3. Provide an example for students:
    The words "roller coaster" can lead to "cotton candy" which can lead to "pink tongue" and "headache" and "sleeping in the car" and "seat belts" and "pillows" and "twinkling stars" and so on.
  4. Emphasize that the point is to allow one thing to lead to another and see where it goes.

  5. Once students have the opportunity to brainstorm good memory lists, ask them to read through their lists and circle the five most important or interesting words or phrases.

  6. On a separate piece of paper, have students incorporate the words or phrases they've circled into larger pieces of writing. They can write either poems or stories, but ultimately the writing should use students' memories to bring an experience closer to them and the reader.

  7. Give volunteers a chance to share their writing, and discuss what their memories mean to them and why they used the words and phrases they did to bring the memories to life.

  8. After students have had a chance to share some of their memory pieces, ask the class if they noticed any patterns in the kinds of things that were remembered. Some questions might include:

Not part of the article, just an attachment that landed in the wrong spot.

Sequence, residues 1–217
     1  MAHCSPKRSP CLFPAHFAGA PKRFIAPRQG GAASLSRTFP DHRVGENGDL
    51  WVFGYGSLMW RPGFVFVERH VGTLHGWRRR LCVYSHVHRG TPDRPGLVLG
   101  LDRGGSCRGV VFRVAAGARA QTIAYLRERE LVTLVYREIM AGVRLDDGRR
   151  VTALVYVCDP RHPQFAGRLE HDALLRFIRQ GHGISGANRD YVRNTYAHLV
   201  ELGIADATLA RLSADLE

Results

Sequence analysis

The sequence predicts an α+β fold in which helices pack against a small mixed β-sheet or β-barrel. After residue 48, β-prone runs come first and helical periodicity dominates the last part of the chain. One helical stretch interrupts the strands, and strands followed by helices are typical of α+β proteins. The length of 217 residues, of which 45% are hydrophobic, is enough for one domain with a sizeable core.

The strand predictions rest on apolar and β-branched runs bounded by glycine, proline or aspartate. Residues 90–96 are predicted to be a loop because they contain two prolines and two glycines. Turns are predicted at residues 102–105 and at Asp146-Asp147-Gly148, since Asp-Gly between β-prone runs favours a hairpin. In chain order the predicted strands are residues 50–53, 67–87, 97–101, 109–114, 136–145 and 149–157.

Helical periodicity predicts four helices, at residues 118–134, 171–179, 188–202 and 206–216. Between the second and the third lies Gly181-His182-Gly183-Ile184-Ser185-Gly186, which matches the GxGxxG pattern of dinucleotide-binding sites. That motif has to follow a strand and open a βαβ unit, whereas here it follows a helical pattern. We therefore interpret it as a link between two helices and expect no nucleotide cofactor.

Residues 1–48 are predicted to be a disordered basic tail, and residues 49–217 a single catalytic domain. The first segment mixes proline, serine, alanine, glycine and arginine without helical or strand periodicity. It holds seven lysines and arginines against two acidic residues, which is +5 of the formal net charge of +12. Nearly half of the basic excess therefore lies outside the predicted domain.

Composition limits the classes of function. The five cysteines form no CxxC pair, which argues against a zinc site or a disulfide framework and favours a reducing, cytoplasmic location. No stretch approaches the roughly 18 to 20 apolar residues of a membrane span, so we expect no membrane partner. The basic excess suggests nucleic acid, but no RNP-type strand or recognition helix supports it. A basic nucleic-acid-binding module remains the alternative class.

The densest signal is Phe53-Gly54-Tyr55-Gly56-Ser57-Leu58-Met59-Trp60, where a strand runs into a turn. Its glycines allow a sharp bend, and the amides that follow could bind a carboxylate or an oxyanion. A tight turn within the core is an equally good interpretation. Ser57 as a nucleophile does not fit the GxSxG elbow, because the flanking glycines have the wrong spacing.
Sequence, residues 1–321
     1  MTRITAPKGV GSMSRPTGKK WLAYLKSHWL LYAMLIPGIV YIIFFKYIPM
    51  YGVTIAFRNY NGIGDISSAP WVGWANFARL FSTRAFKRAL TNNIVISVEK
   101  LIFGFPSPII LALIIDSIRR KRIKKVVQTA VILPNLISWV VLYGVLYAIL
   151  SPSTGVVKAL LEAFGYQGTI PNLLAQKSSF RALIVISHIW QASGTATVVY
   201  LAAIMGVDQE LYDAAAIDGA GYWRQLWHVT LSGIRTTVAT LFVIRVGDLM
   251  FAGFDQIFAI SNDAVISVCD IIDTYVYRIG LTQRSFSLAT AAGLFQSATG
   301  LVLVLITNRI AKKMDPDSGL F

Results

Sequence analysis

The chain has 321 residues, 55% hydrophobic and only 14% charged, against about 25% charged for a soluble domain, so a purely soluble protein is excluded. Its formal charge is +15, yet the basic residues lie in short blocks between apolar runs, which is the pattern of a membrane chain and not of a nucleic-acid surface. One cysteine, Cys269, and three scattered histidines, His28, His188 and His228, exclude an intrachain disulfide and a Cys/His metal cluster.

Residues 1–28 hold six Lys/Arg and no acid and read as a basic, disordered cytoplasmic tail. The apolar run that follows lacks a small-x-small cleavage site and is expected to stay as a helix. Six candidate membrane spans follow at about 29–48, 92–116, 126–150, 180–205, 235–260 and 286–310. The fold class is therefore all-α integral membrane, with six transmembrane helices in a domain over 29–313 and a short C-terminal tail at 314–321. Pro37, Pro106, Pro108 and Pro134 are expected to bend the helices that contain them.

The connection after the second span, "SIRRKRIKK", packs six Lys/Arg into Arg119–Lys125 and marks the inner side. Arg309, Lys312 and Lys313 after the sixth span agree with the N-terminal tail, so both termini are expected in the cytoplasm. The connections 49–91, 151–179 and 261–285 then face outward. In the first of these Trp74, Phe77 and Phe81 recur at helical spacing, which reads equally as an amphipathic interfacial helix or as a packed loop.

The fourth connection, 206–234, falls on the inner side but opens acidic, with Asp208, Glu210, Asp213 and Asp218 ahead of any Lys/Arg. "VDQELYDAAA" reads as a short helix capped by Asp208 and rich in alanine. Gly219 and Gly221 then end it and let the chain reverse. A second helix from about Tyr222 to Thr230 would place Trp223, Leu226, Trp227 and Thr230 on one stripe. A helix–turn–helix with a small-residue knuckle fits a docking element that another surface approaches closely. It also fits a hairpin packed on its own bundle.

• What kinds of people, places, and things did people tend to remember?

    • Did people remember things that had little meaning in their lives or more meaningful things?

    • Did you remember primarily things that had some kind of effect on them (physical, emotional, psychological, etc)?

    • Do you think these kinds of things are easier to remember? Why or why not?
  9. End class by explaining that during the next session students will begin doing some research on the brain and how memory works.

Session Two

  1. Provide Internet access to your class, and ask students to go to the A Guide Through the Labyrinth of Memory. Give them a few minutes to click around and learn a little bit about the brain in relation to memory.

  2. Once they have had a chance to look at the Website freely, display the Brain Questions using an overhead projector and have students work in groups of three or four to answer the questions on paper. Most of the answers can be found in the section of the Website called Sheep Brain Dissection and other parts of the site, but students may have to search other sites to learn about mnemonic devices.

  3. Spend a few minutes discussing the answers students found before moving on to the poem in the next session. You can refer to the Brain Questions and Answers key to guide students during the discussion.

Session Three

  1. Give each student a copy of Li-Young Lee's poem "Mnemonic" and have them read along silently as you read the poem aloud once.